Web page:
Memories can rise to the surface at any given moment. Sometimes, they just suddenly burst into view … so full of color and dimension that you feel as if you are living them for the first time. Other times, memories emerge when triggered by a taste, a scent, a song, a sight, a touch, an event, and even a story.
I always love hearing the stories behind the art. An artist may have an intent that led to the creation of the art or have an expectation on how they want a viewer to experience the art or a combination thereof. A viewer may or may not see or experience that intent at first glance, upon further review, or even at all. Even so, the original intent of a work may change immediately upon display or over a longer period of time for the viewer — and yes, even for the artist — for a variety of reasons. That intent can change over and over again during the lifespan of the work, too.
Knowing the stories behind the works by Aldo Fabían Ramos and Verónica Gaona in their show “Paisajes Impermanentes / Impermanent Landscapes” at Cothren Contemporary deepened my appreciation, stirred up some memories of my own, and heightened my connection to their work.
With Ramos, his colorful prints caught my eye as I entered the gallery, but since it was my first visit, I was intent on completing an entire walkthrough before going back to focus on individual works. It was my sister who insisted I stop and come look even closer at Ramos’ work after listening to stories shared by the artist’s sister.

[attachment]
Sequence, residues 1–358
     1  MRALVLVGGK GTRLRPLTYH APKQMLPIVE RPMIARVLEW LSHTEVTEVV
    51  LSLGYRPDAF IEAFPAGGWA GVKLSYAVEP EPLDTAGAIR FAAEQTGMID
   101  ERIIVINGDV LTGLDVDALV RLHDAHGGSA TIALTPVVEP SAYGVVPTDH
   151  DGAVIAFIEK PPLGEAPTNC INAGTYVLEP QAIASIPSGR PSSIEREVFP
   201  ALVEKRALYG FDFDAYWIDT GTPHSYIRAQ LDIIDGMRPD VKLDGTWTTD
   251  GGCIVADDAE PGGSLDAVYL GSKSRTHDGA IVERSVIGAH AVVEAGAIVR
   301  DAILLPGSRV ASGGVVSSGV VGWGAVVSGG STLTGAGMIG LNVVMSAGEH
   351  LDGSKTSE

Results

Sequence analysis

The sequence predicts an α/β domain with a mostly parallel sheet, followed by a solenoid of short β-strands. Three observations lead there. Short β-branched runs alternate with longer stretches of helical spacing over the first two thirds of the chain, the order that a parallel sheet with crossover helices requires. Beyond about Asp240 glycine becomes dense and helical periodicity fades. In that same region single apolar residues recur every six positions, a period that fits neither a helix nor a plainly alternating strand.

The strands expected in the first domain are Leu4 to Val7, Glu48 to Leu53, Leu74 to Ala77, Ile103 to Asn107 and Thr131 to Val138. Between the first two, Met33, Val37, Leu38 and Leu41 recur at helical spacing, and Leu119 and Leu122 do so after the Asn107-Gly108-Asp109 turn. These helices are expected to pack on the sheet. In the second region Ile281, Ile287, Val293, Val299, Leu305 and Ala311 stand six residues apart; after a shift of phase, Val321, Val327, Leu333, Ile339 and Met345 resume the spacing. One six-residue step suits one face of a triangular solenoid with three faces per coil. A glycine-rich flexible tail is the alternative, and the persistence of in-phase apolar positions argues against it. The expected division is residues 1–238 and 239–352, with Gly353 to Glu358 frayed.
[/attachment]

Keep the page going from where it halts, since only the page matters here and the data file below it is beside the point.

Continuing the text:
You see, our grandmother was a seamstress. She made all of the clothes for my mother and her sisters, and for me and my sister, she sewed many of our special occasion dresses when we were young.
When my sister learned that Ramos’ “Vestido de Flores” series was based on floral patterns from a favorite dress worn by the artist’s mother when she was young, her heart was flooded with memories and she wanted to learn more. The artist came over and shared the full scope of what inspired his series.
In short, he stated “this series is a reflection about the transference of one’s love and essence, what happens with those things left behind by our loved ones — the tangible and intangible.” He shared that it was his way to embrace those memories and commemorate his mother’s passing now ten years ago.
Artist Verónica Gaona shares the stage with Ramos in this show. As a photographer myself, I was drawn to her captivating images, but what really caught my eye was her sculpture “Para aquellos que no regresan en vida, Siempre esta’ la muerte” (For those that cannot return in life, there is always death).
Both artists remind us how great beauty can blossom from pain.
“Paisajes Impermanentes / Impermanent Landscapes” is on view April 30–July 2, 2022 at the Cothren Contemporary (5016 Allen St., Houston, TX 77007). Visit by appointment – text or call (832) 767-8370 or send an email to firstname.lastname@example.org. For updates, visit www.cothrencontemporary.com. On Instagram, follow the gallery at @cothrencontemporary; Ramos, @aldofabianramos; and Gaona, @vero.gaona.art.